Dos and don'ts in a roller coaster cryptocurrency market, according to local experts

Tim Feran
For Columbus CEO
Digital currency

It was one of the most notorious Super Bowl commercials of the past few years. Film star Matt Damon marched through what looked like a spaceship and talked about humanity’s near successes versus accomplishments that changed the world. 

The ad—which was promoting Crypto.com—concluded with the Oscar-winning actor quoting the Roman general Pliny the Elder, who famously said, “Fortune favors the brave.” Since the commercial aired during the Super Bowl, it has been viewed more than 28 million times on Twitter and YouTube.

Something else has happened during that time, too: Crypto investors took a pounding as the two largest cryptocurrencies—Bitcoin and Ethereum—lost more than half their value.

And yet, “what’s amazing is the big boys are making hand over fist on this roller coaster,” says Mike Caligiuri, founder and CEO of Dublin-based Caligiuri Financial. “I believe it’s because these markets are so thinly traded, these big traders can really move the markets.

“A lot of big trading firms are very cognizant of how to manipulate retail investors to buy and to sell. A lot of times, the big boys put in a lot of money to make the price go up in something like Bitcoin. That will encourage retail investors to get in. And then, as soon as the retail investors start buying, that’s when the big boys dump.

“So, my view is that these very sophisticated institutional investors are getting rich at the expense of retail investors.”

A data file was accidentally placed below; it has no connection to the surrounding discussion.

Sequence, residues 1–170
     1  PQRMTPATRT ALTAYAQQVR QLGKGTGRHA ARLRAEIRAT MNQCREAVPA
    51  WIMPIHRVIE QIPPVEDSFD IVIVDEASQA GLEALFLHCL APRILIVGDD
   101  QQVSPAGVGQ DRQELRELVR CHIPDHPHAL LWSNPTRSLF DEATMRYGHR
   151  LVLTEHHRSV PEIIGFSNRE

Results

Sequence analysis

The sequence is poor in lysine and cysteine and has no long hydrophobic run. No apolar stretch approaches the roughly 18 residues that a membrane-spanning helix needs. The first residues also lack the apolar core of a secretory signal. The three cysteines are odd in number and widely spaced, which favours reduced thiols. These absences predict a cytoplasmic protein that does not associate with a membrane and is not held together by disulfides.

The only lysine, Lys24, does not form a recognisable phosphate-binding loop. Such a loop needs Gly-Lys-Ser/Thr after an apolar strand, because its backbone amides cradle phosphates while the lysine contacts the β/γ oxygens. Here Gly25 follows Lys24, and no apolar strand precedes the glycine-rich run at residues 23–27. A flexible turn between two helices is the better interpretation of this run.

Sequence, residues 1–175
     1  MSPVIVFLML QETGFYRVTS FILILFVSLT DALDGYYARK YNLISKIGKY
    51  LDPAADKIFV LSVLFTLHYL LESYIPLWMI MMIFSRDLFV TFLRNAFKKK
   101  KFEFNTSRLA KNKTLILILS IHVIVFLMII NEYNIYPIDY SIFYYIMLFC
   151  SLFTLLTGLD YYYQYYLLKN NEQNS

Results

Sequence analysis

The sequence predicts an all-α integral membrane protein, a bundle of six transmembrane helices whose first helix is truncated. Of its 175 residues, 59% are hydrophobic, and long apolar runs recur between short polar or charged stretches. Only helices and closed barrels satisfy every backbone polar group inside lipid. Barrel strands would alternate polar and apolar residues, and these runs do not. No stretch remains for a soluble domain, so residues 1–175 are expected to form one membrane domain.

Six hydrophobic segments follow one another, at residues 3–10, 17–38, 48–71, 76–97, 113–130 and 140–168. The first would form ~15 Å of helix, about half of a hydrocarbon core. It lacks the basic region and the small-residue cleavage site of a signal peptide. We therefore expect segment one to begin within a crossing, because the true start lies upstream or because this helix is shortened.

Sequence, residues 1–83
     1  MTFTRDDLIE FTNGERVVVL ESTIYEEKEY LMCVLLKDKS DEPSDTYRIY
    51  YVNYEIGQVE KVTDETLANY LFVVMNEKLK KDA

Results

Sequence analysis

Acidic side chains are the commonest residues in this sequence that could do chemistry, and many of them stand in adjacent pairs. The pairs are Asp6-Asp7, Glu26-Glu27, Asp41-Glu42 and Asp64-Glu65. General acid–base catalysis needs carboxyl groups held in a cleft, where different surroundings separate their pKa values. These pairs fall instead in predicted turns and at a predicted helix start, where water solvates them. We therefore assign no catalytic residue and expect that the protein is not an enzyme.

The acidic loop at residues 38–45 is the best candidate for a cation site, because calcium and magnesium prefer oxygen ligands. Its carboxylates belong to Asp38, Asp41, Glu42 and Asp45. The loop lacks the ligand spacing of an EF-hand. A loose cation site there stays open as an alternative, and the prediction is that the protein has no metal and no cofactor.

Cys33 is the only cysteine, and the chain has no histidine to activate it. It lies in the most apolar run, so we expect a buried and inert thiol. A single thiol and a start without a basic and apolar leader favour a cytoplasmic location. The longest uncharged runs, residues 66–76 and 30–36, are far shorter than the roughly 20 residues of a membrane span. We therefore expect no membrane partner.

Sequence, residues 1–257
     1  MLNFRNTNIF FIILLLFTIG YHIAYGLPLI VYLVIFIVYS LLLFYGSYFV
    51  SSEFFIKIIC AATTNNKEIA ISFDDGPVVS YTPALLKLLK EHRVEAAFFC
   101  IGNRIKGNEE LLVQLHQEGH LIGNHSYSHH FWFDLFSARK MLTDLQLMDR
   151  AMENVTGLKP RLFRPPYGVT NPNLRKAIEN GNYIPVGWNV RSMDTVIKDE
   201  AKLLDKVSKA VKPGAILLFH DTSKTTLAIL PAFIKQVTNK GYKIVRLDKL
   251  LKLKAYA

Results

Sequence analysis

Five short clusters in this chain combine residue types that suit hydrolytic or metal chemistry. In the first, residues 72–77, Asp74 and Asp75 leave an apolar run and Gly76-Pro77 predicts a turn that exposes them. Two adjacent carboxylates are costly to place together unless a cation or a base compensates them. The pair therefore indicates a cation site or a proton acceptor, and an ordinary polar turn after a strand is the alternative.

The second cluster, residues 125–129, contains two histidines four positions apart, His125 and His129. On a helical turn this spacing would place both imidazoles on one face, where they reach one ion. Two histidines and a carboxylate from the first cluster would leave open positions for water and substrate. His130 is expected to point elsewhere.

But the tales of people getting rich overnight and the commercials featuring celebrities touting cryptocurrency have been a siren song to new investors.

Many local investment advisers remain wary of crypto, however. Kyle Schneider, a portfolio manager and research analyst at New Albany-based VELA Investment Management, says “while we recognize there are many promising applications for blockchain technologies, we don’t offer crypto assets to our clients at VELA as we don’t believe we have a reasonable basis for valuation.”

“It’s kind of the wild West,” says Matt Sands, vice president of Heritage Wealth Partners in Dublin. “The problem is all these guys are unaudited. Transparency is not part of crypto—and that adds to the risk. When you look at regular financial markets, all are highly regulated. The rules are there to keep people from being taken advantage of. When I trade stocks, there’s a record. Everything is very transparent. There’s an audit trail. When you manipulate public markets, the regulators will find out. But with crypto, who is manipulating it? We don’t know.

“Hopefully, the coin you pick will be around tomorrow, but there’s no guarantee it will be. Even these so-called stable coins—one literally went to zero in a matter of weeks.”

But the professionals know that some people still want to at least dabble in the exploding crypto marketplace. To those people, they offer some do’s and don’ts.

DO Consult your personal financial adviser and other experts.

“You’re swimming with the sharks,” Caligiuri says. “That’s the first thing to keep in mind.”